Heh (god)

in hieroglyphs

Ḥeḥ (also Huh, Hah, Hauh, Huah, Hahuh and Hehu) was the personification of infinity or eternity in the Ogdoad in Egyptian mythology.[1] His name originally meant "flood", referring to the watery chaos that the Egyptians believed existed before the creation of the world.[2] The Egyptians envisioned this chaos as infinite, in contrast with the finite created world, so Heh personified this aspect of the primordial waters.[3] Heh's female counterpart was known as Hauhet, which is simply the feminine form of his name.[1]

Like the other concepts in the Ogdoad, his male form was often depicted as a frog, or a frog-headed human, and his female form as a snake or snake-headed human. The frog head symbolised fertility, creation, and regeneration, and was also possessed by the other Ogdoad males Kek, Amun, and Nun.[4] The other common representation depicts him crouching, holding a palm stem in each hand (or just one),[5] sometimes with a palm stem in his hair, as palm stems represented long life to the Egyptians, the years being represented by notches on it. Depictions of this form also had a shen ring at the base of each palm stem, which represented infinity. Depictions of Heh were also used in hieroglyphs to represent one million, which was essentially considered equivalent to infinity in Ancient Egyptian mathematics. Thus this deity is also known as the "god of millions of years".

Origins and mythology

The primary meaning of the term ḥeḥ was "million" or "millions"; subsequently, a personification of Ḥeḥ was adopted as the Egyptian god of infinity. Together with his female counterpart Ḥauḥet, Ḥeḥ represented a member of the Ogdoad of eight primeval deities whose worship was centred at Hermopolis Magna. The other members of the Ogdoad, Nu and Naunet, Amun and Amaunet, Kuk and Kauket, who joined together to create the cataclysmic event that gives rise to the sun and sun god, Atum.[6]

Forms and iconography

The god Ḥeḥ was usually depicted anthropomorphically, as in the hieroglyphic character, as a male figure with divine beard and lappet wig. Normally kneeling (one knee raised), sometimes in a basket—the sign for "all", the god typically holds in each hand a notched palm branch (palm rib). (These were employed in the temples for ceremonial time-keeping, which use explains the use of the palm branch as the hieroglyphic symbol for rnp.t, "year").[7] Occasionally, an additional palm branch is worn on the god's head.

In Ancient Egyptian Numerology, Gods such as Heh were used to represent numbers in a decimal point system. Particularly, the number 1,000,000 is depicted in the hieroglyph of Heh, who is position in his normal seated position.[8]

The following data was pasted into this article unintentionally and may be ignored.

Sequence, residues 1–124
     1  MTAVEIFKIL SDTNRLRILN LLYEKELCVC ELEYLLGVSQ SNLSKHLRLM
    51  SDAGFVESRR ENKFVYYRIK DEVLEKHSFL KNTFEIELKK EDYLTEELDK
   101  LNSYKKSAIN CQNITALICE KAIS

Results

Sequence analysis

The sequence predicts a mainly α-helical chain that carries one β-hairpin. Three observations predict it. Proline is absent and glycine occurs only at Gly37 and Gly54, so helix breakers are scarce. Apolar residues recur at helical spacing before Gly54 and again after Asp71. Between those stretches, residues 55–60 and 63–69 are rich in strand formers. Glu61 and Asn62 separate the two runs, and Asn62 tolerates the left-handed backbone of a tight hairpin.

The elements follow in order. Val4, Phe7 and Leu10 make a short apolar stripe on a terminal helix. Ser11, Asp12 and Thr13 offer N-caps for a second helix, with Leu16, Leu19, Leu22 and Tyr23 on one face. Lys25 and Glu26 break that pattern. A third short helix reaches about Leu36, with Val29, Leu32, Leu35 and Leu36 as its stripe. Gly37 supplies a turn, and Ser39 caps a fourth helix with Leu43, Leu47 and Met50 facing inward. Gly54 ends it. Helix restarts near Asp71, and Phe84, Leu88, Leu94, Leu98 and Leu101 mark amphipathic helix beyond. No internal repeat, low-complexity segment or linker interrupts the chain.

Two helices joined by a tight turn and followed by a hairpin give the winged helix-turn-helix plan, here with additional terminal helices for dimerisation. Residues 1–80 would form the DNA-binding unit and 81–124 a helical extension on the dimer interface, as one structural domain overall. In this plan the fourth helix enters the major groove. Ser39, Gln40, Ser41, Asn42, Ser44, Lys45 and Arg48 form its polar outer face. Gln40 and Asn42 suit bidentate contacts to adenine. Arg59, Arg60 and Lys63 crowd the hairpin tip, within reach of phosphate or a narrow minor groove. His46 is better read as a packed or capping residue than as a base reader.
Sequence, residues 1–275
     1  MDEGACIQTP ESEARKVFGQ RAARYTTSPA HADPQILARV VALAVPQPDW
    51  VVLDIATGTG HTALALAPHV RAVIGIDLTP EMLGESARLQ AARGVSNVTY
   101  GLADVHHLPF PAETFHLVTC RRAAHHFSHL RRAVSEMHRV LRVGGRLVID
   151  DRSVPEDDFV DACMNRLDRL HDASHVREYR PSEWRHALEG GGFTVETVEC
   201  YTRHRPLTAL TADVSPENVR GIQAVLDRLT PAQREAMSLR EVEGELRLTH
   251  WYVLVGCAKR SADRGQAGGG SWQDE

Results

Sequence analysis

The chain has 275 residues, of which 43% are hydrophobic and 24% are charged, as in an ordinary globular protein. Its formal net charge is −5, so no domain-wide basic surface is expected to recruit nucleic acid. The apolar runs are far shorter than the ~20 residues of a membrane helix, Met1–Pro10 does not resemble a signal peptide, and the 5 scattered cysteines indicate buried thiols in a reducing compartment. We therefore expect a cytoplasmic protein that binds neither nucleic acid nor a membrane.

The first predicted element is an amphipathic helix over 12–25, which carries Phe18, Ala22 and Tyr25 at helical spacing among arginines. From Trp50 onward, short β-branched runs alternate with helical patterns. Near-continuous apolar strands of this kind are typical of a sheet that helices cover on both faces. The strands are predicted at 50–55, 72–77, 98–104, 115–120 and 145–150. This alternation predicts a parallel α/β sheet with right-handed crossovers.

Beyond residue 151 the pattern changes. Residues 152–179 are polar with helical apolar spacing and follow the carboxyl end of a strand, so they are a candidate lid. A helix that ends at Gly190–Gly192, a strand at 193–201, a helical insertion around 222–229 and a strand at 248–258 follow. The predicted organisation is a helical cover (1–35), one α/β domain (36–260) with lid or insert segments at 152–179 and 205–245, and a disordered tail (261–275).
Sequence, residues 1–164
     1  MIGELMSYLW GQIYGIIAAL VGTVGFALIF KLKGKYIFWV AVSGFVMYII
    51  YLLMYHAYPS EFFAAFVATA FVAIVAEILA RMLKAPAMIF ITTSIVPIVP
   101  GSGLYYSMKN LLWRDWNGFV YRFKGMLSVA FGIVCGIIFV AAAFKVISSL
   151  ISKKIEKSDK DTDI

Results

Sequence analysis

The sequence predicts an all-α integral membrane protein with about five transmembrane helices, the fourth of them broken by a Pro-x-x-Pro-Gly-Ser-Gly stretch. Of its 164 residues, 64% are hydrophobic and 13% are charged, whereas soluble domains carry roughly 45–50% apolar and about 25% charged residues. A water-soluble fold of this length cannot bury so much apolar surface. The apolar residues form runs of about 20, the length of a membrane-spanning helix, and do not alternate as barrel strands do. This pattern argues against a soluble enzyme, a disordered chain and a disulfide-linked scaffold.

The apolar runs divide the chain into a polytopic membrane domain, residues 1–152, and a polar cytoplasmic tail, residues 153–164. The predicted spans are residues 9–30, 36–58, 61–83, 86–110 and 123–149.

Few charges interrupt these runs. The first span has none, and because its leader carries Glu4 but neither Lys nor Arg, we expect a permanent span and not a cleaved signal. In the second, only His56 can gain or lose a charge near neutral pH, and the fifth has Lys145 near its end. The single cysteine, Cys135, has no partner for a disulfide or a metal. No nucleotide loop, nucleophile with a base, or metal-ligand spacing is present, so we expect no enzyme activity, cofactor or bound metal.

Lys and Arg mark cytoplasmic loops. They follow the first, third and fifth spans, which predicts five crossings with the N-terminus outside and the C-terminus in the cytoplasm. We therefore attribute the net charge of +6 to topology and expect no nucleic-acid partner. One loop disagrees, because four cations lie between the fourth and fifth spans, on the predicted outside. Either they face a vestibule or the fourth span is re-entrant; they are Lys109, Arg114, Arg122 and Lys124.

Cult and worship

The personified, somewhat abstract god of eternity Ḥeḥ possessed no known cult centre or sanctuary; rather, his veneration revolved around symbolism and personal belief. The god's image and its iconographic elements reflected the wish for millions of years of life or rule; as such, the figure of Ḥeḥ finds frequent representation in amulets, prestige items and royal iconography from the late Old Kingdom period onwards. Heh became associated with the King and his quest for longevity. For instance, he appears on the tomb of King Tutankhamen, in two cartouches, where he is crowned with a winged scarab beetle, symbolizing existence and a sun disk. The placement of Heh in relation to King Tutankhamen's corpse means he will be granting him these "millions of years" into the afterlife.[9]


  • Barta, Winfried [1992], "Die Bedeutung der Personifikation Huh im Unterschied zu den Personifikationen Hah und Nun", Göttinger Miszellen 127 (1992), pp. 7–12.
  • Seawright, Caroline. "Heh and Hauhet, Deities of Infinity and Eternity." N.p., 21 May 2002. Web. 6 May 2017.

See also


  1. 1 2 Wilkinson, Richard H. (2003). The Complete Gods and Goddesses of Ancient Egypt. Thames & Hudson. p. 109
  2. Allen, James P. Genesis in Egypt: The Philosophy of Ancient Egyptian Creation Accounts. Yale Egyptological Seminar, 1988
  3. Allen, James P. Middle Egyptian: An Introduction to the Language and Culture of Hieroglyphs. Cambridge University Press, 2000
  4. Rush, John (2007). The Twelve Gates: A Spiritual Passage Through the Egyptian Books of the Dead. Berkeley, CA: Frog. p. 281.
  5. Owusu, Heike (2008). Egyptian Symbols. New York, NY: Sterling. p. 73.
  6. Hart, George (1990). Egyptian Myths. London: British Museum Publications. p. 21.
  7. Remler, Pat (2010). Egyptian Mythology, A to Z. New York: Chelsea House.
  8. Imhausen, Annette (2016). Mathematics of Ancient Egypt. Princeton: Princeton University. p. 19.
  9. Remler, Pat (2010). Egyptian Mythology, A to Z. New York: Chelsea House.
This article is issued from Wikipedia. The text is licensed under Creative Commons - Attribution - Sharealike. Additional terms may apply for the media files.